An acute water shortage has hit central Somalia's Galgadud region, with local leaders linking the deaths of two children to a lack of water and food.
"We buried two children, aged four and one-and-a-half, yesterday; they died of lack of water and food," Yusuf Guled, the deputy district commissioner of Dhabad, told IRIN on 24 February.
He said the problem was most acute in Dhabad, 130km north-west of the regional capital Dusamareb, in Hanan Buuro, 30km west, and in Ada Kibir, 150km north-east.
Guled said the local administration was receiving reports from outlying villages of more deaths. "There are more dying out there but we cannot help them."
The region has had no rains in the past two years and the district's only functioning borehole has broken down, he said.
He added that livestock - the economic mainstay of the area - and the population were equally affected by water shortages.
"We have been trucking water from as far as 40km away," Guled said. "People in the diaspora have been helping but it is not enough and we need more help."
He appealed to aid agencies, saying the Dhabad area was safe.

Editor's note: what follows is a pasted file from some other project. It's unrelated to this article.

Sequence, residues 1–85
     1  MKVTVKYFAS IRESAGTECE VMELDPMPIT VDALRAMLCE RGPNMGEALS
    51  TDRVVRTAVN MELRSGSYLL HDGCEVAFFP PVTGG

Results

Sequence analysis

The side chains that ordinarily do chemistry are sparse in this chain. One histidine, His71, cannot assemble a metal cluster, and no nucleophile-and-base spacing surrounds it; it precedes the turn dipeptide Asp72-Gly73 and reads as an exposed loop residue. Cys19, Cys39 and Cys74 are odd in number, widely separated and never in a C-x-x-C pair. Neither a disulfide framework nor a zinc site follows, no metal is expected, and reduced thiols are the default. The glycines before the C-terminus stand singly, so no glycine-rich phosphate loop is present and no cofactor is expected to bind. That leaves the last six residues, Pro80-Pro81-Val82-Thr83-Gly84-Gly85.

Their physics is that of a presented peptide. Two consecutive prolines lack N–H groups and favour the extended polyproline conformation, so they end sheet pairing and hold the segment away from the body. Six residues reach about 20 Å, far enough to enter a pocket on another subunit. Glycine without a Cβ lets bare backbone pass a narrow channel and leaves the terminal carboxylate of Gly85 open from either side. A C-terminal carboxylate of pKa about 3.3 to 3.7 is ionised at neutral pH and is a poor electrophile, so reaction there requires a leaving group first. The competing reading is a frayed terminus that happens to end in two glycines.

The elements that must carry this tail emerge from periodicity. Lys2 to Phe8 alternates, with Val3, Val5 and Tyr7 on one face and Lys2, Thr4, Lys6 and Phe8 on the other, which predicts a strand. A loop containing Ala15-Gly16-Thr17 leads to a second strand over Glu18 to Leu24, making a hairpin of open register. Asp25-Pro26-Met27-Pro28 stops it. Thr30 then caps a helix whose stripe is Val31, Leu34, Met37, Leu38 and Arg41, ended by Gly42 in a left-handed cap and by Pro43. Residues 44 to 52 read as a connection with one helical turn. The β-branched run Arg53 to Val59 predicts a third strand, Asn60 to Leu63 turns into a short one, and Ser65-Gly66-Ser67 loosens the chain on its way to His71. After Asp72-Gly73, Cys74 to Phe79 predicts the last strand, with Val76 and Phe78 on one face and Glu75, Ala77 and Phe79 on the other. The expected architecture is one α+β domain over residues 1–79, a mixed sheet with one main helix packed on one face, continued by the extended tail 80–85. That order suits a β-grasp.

"We have an administration and police who are capable of protecting anyone who comes here," he said. "If help does not come soon, a lot more people and livestock will die."
In Ada Kibir, the situation was equally bad. "The drought here has never really gone away; for five consecutive years we had very little rains or none at all," Tahalil Aden, a resident, told IRIN.
He said the only water available was being trucked from a borehole 45km away.
"One drum [200 l] costs 150,000 Somali shillings [US$6] - that is three times the average daily wage," he said.
Aden said the situation was deteriorating by the day.
"We have had no help from anyone and we have reached our limit; not many here can afford these prices," he said.
A journalist in Dusamareb told IRIN most of the region was suffering the effects of prolonged drought.
"These are the worst affected but there are other parts in the region that are also in bad shape," he said.
He said the situation was exacerbated by past insecurity.
"Until recently, it was a battle zone between warring factions and aid workers were abducted here," he said, in turn forcing aid agencies to curtail their activities.
However, the journalist said the security situation was improving. "There is no more fighting and most districts have set up administrations and are trying to woo aid agencies to return."